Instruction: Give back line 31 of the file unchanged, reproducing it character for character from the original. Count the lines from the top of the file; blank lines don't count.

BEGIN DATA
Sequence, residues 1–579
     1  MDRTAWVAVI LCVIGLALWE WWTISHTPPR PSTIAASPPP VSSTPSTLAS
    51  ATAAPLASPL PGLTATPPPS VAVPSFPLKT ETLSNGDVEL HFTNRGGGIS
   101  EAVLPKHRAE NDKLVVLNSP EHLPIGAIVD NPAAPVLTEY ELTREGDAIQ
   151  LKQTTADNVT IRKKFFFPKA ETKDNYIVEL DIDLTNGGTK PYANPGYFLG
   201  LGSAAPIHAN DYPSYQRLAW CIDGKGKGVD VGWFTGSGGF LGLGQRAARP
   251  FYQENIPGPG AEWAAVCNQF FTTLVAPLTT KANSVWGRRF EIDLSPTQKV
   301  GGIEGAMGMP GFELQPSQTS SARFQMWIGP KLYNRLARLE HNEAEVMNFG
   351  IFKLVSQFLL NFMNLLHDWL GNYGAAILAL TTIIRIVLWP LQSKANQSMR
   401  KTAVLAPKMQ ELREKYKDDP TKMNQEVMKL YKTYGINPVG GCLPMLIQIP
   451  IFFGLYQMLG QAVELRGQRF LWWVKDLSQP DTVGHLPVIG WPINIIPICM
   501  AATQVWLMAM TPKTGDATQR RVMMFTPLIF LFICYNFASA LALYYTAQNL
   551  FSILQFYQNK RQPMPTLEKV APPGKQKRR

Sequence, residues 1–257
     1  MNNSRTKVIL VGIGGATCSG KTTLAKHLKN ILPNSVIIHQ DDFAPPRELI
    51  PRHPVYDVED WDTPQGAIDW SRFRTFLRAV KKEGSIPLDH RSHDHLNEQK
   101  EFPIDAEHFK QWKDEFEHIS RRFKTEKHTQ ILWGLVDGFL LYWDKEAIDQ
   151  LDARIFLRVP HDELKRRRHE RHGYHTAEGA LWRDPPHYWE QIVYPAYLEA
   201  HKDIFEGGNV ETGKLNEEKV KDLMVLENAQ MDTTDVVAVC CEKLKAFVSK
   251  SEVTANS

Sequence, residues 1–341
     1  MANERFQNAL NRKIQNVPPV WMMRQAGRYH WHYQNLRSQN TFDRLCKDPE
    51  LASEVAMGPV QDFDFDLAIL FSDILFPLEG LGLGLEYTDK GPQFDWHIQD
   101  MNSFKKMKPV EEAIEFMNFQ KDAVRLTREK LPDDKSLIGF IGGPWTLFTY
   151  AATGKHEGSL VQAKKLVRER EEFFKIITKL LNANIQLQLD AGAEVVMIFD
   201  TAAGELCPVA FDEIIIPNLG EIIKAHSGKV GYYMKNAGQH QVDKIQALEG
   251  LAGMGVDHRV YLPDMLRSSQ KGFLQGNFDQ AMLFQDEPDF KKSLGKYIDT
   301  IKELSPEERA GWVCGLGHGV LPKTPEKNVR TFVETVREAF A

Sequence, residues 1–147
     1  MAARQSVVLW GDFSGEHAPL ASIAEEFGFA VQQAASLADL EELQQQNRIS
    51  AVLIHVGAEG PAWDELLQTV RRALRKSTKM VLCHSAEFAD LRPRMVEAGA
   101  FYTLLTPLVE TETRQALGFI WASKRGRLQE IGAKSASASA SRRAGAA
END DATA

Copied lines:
    51  AVLIHVGAEG PAWDELLQTV RRALRKSTKM VLCHSAEFAD LRPRMVEAGA